The fear of another nuclear bomb attack is growing on the 72nd anniversary of the US atomic bombing of Nagasaki, the city’s mayor said apparently referring to the North Korean nuclear threat in the region.
Speaking at a ceremony marking the nuclear tragedy of the World War II on Wednesday, Tomihisa Taue urged nuclear states to abandon such weapons and criticised Japan’s government for not taking part in the global efforts towards a nuclear ban.
“The international situation surrounding nuclear weapons is becoming increasingly tense,” Taue said at Nagasaki’s peace park.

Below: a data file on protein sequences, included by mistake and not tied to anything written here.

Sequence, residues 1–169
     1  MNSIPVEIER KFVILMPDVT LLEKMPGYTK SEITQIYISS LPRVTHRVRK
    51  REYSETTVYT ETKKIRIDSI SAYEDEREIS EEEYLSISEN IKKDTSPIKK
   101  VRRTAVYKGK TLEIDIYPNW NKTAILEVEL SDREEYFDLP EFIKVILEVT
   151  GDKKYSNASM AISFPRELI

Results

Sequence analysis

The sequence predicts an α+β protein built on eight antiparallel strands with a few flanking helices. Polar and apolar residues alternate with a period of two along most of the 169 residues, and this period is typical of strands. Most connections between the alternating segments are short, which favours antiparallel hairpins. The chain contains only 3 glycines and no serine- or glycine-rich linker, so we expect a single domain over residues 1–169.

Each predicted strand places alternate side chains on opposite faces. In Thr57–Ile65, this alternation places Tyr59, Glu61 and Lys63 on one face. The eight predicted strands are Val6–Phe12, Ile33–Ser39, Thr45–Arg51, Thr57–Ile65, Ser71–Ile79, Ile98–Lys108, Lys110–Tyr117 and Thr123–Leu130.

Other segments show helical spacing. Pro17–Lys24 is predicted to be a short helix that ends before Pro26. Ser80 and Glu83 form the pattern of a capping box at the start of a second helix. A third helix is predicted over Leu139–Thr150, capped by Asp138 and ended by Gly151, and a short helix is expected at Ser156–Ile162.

“A strong sense of anxiety is spreading across the globe that in the not too distant future these weapons could actually be used again.”
At 11:02am, when the bomb struck 72 years ago, people at the ceremony observed a moment of silence as the peace bell rang.
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He said Japan’s absence even during diplomatic negotiations for the UN Nuclear Prohibition Treaty, adopted in July, is “incomprehensible to those of us living in the cities that suffered atomic bombings”.
More than 175,000 hibakusha have died in Nagasaki since the attack, including 3,551 in the past year, while over 300,000 of their peers have died in Hiroshima.
The average age of the survivors is more than 81 years. Many suffer from long lasting effects of radiation.
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Source: AP news agency